Importantly, Putnam's advocation of a sort of pluralism underlies his thinking idea here. Language, he wants to claim, does many different things, and failing to recognize this can lead to the problematic assumptions contemporary analytic ontologists tend to make. Putnam himself draws the comparison of his ideas here with the Wittgensteinian idea that there several distinct language games, and that none of them is the ultimate to which all the others must be reduced. Moral language, logical language, mathematical language--these are all objective, and yet they don't describe facts in the way that scientific language and language about ordinary empirical objects do. They do something else, and it's only a failure to appreciate the manifold ways in which language is used--the many different uses to which it can be put--that leads us to think that all these uses of language involve trying to describe special sorts of facts. Thinking that we need to posit special ethical facts, properties, etc. to understand ethics as objective is to inappropriately apply standards from another discipline to ethics. What we need to realize about ethical objectivity, about ethical truth and rational ethical argument, is that an understanding of it is something we pick up only from within ethical discourse and practice.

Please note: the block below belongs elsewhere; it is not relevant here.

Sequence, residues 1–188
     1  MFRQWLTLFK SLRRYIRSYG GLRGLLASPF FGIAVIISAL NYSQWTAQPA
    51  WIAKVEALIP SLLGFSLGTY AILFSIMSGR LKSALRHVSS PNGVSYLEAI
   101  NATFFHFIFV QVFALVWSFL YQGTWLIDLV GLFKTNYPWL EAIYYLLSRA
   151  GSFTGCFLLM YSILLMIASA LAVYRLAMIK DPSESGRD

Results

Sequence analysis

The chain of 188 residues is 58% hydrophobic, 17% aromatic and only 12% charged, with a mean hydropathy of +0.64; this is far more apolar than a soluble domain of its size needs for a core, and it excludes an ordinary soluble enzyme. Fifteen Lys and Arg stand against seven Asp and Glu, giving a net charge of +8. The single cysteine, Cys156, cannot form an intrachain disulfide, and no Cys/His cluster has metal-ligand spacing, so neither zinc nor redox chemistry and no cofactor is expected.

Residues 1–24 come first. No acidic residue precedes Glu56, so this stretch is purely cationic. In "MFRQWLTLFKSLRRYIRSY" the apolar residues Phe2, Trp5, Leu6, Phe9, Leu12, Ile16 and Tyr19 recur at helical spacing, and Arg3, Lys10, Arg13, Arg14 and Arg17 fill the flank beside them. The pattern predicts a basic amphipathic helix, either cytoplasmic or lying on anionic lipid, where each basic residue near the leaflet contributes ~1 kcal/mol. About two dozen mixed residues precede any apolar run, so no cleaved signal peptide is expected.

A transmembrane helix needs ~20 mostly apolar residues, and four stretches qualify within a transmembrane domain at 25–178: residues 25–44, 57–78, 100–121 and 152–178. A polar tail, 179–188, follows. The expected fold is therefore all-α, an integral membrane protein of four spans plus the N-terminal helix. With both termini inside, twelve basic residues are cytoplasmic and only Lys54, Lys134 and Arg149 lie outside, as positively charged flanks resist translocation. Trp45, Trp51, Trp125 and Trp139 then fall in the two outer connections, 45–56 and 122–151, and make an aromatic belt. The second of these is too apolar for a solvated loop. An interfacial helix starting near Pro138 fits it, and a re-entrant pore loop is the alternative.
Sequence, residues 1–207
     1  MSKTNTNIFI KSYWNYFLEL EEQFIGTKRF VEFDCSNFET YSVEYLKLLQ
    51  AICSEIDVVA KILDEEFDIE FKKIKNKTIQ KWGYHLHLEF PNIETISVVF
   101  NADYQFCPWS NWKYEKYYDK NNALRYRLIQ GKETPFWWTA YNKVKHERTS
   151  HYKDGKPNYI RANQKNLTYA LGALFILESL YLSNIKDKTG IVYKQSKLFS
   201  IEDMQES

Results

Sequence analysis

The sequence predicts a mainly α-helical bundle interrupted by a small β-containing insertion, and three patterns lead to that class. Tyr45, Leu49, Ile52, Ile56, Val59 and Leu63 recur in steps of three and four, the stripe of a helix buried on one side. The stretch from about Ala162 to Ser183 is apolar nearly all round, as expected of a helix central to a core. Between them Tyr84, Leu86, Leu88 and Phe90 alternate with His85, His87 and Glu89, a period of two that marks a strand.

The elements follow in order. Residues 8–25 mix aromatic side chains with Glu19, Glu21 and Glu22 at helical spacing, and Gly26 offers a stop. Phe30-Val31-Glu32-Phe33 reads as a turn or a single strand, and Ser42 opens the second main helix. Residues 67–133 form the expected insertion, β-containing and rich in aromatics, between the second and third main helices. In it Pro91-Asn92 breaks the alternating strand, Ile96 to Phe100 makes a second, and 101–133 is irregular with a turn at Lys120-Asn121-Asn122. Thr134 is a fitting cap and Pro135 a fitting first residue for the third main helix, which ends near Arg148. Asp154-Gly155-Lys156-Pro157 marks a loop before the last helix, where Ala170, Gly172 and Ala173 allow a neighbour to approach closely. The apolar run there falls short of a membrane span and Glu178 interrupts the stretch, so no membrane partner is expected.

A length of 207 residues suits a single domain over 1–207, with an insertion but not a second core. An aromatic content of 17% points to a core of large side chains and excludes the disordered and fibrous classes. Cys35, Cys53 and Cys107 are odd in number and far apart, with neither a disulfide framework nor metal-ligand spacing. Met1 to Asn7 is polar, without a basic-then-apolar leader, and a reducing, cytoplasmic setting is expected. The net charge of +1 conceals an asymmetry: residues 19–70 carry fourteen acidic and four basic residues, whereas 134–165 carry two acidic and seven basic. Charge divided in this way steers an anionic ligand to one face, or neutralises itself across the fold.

As interesting as some of the ideas here are, this book could stand to be about twice as long as it actually is. The first part was originally a series of lectures, and it reads that way: it's unnecessarily repetitious in places, and too sketchy in others. Furthermore, it's not altogether clear what Putnam's positive view is supposed to be since he never explains just what ethical objectivity is supposed to consist in. And while Putnam's characteristic erudition is on display here--he draws on a thorough knowledge of, inter alia, contemporary analytic philosophy, logic, mathematics, and the history of philosophy--too often his invocation of other philosophers is used to paper over weaknesses in his own arguments.